China insists on 17 Uighurs if Guantanamo shuts

Many Muslim Uighurs, who are from East Turkistan, seek greater autonomy for the region and some want independence.

China insists on 17 Uighurs if Guantanamo shuts

China said on Tuesday that it wants 17 Muslim Uighurs returned if the U.S. Guantanamo prison is closed by U.S. President-elect Barack Obama.

Obama has pledged to close the prison at the U.S. naval station in southeastern Cuba which has come to symbolise "torture".

Although the U.S. military no longer considers the 17 Uighurs "enemy combatants", they have remained at Guantanamo because the United States has been unable to find a country willing to take them.

Chinese Foreign Ministry spokesman Qin Gang said "for these terror suspects, the Chinese government has always requested they be sent back to China and firmly opposes any country accepting them," in a news briefing.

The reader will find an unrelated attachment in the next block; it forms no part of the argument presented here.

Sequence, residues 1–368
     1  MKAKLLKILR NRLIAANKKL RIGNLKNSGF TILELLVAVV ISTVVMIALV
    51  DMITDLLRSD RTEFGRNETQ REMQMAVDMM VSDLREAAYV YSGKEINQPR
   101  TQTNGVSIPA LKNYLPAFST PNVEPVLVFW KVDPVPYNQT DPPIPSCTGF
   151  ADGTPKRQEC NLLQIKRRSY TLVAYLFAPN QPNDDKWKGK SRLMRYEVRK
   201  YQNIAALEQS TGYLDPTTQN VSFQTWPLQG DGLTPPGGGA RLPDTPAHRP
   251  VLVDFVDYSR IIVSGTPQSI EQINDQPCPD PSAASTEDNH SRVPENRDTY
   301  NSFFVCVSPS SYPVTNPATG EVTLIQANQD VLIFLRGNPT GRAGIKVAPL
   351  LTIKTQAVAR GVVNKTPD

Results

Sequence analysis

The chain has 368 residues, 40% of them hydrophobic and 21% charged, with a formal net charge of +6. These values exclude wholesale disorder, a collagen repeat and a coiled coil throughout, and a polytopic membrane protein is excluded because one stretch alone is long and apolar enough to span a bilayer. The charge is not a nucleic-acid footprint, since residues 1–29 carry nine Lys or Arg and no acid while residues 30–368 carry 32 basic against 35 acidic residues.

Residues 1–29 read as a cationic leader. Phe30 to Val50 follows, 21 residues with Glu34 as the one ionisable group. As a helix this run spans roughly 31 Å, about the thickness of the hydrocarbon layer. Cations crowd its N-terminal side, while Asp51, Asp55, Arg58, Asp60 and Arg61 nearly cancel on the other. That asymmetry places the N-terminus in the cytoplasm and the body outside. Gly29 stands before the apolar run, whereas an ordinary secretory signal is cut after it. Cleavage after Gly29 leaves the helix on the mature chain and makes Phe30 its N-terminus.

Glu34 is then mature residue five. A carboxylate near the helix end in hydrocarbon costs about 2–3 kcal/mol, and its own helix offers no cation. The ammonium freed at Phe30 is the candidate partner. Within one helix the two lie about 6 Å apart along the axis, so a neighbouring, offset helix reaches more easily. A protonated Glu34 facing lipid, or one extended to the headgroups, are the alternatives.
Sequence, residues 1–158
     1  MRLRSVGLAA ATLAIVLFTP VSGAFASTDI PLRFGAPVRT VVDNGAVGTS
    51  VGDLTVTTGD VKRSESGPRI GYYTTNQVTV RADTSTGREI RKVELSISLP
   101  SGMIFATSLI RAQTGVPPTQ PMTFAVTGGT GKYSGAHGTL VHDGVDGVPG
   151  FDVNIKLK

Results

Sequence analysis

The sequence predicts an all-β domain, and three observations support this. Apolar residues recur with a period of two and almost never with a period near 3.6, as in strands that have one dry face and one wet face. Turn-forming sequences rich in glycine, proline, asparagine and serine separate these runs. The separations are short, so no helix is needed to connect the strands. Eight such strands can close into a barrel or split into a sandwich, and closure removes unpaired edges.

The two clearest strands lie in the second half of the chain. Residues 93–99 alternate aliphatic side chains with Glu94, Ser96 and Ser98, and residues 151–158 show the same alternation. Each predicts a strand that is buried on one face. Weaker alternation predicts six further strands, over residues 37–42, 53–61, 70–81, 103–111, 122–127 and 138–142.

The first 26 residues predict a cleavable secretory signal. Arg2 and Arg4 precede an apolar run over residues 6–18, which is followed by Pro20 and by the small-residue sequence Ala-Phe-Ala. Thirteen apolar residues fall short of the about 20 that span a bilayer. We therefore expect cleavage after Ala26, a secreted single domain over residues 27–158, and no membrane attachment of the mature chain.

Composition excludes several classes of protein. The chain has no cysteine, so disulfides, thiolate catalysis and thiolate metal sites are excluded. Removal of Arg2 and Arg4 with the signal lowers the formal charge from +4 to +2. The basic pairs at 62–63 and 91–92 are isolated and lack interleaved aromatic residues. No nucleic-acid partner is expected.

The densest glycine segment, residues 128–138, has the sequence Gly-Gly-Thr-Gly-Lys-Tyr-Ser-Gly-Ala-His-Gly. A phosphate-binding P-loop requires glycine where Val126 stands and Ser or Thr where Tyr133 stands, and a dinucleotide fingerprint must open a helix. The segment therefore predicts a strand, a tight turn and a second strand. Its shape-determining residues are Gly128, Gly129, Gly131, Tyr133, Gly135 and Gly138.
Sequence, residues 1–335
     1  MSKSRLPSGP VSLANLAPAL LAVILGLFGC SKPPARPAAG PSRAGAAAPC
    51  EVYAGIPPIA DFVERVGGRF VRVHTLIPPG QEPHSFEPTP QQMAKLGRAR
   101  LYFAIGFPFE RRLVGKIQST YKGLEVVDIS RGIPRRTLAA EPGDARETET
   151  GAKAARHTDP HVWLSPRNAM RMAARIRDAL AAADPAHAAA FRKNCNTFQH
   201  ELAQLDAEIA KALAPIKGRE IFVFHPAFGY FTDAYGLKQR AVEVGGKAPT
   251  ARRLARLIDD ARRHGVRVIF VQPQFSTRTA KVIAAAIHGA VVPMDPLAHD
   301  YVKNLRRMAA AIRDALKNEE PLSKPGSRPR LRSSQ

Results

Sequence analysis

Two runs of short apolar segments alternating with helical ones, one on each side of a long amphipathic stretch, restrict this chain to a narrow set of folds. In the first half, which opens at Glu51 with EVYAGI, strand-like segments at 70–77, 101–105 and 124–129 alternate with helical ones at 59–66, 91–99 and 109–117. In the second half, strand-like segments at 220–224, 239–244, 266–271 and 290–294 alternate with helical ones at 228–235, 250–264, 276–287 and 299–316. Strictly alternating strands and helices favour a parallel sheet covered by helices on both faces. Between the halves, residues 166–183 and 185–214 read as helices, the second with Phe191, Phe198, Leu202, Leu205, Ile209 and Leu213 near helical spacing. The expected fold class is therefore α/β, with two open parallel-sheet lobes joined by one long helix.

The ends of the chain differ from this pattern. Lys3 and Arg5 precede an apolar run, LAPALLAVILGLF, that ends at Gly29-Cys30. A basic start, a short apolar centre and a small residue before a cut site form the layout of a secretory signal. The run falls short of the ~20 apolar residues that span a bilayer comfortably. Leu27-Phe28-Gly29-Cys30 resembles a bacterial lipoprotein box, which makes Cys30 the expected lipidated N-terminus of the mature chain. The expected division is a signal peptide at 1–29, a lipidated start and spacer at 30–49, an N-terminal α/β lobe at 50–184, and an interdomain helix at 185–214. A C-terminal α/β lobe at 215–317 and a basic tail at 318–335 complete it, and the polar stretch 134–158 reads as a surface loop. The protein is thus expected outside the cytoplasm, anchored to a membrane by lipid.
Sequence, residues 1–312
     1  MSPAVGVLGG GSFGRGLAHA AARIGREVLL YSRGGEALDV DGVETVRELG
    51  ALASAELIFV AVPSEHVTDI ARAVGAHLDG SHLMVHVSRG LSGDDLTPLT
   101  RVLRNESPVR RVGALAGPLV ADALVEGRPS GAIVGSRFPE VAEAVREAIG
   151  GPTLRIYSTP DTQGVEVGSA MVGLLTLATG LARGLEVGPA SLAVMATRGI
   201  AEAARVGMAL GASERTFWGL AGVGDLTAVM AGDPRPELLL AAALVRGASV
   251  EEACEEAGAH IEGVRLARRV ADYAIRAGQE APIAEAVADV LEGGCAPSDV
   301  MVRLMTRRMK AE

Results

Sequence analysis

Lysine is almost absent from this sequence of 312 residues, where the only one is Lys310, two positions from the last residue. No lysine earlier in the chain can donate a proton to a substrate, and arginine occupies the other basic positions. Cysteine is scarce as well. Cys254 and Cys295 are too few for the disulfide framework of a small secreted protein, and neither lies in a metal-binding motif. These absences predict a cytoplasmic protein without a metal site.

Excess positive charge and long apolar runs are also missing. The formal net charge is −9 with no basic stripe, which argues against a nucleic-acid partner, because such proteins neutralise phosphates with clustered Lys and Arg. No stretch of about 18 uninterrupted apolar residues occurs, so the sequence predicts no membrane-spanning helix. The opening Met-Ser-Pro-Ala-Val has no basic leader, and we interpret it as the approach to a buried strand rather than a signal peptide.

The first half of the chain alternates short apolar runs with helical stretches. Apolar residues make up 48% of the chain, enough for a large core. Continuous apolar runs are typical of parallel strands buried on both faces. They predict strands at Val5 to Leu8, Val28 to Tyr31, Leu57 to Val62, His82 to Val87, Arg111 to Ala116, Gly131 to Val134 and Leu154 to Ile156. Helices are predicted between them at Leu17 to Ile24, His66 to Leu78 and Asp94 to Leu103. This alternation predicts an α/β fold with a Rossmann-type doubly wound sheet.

In 2006, the United States allowed five Chinese Muslims released from Guantanamo to go to Albania. The U.S. government has said it cannot return the Uighurs to China because they would face persecution there.

Many Muslim Uighurs, who are from East Turkistan, seek greater autonomy for the region and some want independence. Beijing has waged a relentless campaign against Uighurs.

The Uighurs had been living in a camp in Afghanistan during the U.S.-led bombing attacks that began in October 2001. They fled into the mountains and were detained by Pakistani authorities, who handed them over to the United States.

Historical records show that the Uyghurs have a history of more than 4000 years. Throughout the history the Uyghurs developed a unique culture and civilization and made remarkable contribution to the civilization of the world.

East Turkistan was occupied by the communist China in 1949 and its name was changed in 1955. The communist China has been excersizing a colonial rule over the East Turkistan since then.

Agencies

Last Mod: 23 Aralık 2008, 15:59
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